Herbology, Healing and Harry Potter

First… why Harry Potter?

There is no doubt that the stories of the boy who lived have impacted the lives of a considerable amount of people. The Harry Potter novels, and consequently the films, teach us about several topics that transcend time.




I have created this website as part of my final project for a class called “The World of Harry Potter: Magic, the United Kingdom and Social Justice” at Western Illinois University (Spring 2016). While taking this class, I was asked to write a paper on how reading Harry Potter impacted my life. It took me a while to come up with an answer, probably because most people my age grew up with Harry, while I refused to read the novels and watch the movies for a long time. I had my reasons to avoid Harry Potter but the truth is that how could I judge something that I hadn’t really experienced, something that I didn’t know? A few years back I watched all of the movies and needless to say, I loved Harry Potter. Not only the stories in the novels teach about not judging a book by it’s cover but my whole experience with Harry Potter had actually taught me exactly that.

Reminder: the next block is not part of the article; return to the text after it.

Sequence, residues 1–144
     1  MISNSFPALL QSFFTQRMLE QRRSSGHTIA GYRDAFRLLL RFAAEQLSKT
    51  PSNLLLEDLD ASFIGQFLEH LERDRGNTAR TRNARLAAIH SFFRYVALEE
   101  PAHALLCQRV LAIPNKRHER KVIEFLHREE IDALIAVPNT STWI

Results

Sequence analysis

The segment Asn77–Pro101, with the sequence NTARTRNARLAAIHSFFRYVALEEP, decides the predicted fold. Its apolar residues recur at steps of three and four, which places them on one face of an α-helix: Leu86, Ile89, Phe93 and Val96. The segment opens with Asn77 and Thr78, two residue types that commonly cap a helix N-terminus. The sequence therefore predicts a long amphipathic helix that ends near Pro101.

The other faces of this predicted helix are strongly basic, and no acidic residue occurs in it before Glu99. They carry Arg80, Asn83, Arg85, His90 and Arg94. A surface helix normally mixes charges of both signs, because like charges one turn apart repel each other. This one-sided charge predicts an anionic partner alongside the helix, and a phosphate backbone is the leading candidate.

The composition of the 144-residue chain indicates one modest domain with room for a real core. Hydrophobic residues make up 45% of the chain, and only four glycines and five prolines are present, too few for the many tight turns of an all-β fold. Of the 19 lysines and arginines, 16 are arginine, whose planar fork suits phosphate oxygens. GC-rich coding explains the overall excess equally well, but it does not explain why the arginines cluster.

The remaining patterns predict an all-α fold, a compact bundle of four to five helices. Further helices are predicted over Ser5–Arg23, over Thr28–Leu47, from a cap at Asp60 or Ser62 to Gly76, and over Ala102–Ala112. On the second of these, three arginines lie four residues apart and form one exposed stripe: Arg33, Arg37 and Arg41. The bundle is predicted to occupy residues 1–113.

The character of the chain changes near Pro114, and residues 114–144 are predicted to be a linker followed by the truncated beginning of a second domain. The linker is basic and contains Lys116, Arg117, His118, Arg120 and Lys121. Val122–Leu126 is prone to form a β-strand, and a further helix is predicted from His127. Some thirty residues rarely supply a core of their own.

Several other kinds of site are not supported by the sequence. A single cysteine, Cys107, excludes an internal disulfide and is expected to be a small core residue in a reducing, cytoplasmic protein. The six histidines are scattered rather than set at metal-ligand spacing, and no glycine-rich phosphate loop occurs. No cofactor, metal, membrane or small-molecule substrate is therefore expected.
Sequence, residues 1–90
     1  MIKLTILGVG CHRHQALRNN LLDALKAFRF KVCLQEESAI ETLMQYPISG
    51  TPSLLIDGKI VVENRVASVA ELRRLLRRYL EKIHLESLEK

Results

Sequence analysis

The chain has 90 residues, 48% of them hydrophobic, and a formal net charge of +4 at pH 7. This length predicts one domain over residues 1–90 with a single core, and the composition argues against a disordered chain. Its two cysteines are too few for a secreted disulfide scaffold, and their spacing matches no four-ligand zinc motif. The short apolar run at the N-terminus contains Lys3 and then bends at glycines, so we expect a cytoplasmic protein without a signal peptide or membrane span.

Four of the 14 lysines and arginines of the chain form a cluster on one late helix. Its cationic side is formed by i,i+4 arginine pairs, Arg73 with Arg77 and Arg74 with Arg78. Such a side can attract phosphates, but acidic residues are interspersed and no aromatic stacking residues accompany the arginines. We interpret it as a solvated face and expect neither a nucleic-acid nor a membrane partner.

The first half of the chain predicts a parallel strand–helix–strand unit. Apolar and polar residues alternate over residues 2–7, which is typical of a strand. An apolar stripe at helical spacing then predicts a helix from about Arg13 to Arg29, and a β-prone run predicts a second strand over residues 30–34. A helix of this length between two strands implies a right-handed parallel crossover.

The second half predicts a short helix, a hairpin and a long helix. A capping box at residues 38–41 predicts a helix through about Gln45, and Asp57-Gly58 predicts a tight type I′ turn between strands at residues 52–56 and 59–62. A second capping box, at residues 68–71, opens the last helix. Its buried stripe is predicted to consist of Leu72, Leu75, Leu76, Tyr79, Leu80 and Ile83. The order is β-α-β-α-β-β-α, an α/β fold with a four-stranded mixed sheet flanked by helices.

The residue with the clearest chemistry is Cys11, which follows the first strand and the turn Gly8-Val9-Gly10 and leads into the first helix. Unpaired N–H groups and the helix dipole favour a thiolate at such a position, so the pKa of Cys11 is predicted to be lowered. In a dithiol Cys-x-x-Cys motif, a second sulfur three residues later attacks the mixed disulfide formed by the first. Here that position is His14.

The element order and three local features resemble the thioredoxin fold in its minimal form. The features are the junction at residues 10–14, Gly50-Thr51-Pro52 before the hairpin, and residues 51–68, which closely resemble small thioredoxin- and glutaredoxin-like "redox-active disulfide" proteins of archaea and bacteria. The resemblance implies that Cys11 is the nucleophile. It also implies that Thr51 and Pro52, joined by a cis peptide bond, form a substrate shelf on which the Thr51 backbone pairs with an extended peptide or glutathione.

How does this link to herbology and healing?

Besides loving Harry Potter and reading, I also love  biology and specially biotechnology (being able to use biological processes and products and generating applications for human and environmental benefits).

Although magic is not something we can use in the Muggle world, it is important to understand the healing properties that plants (and even fungi) have that can be used to treat medical conditions directly or through potions.

This website is intended to provide information about plants and fungi in the Harry Potter books and movies with relationship to human health.

As part of the class, different locations across the United Kingdom where visited. Pictures of these places can be found here.

Several places where also visited to provide information on the project, including:

Holyrood Park

Royal Botanic Garden Edinburg

Kew Royal Botanical Gardens

Kensington Palace Gardens

Hyde Park

St. James’s Park


Roman Baths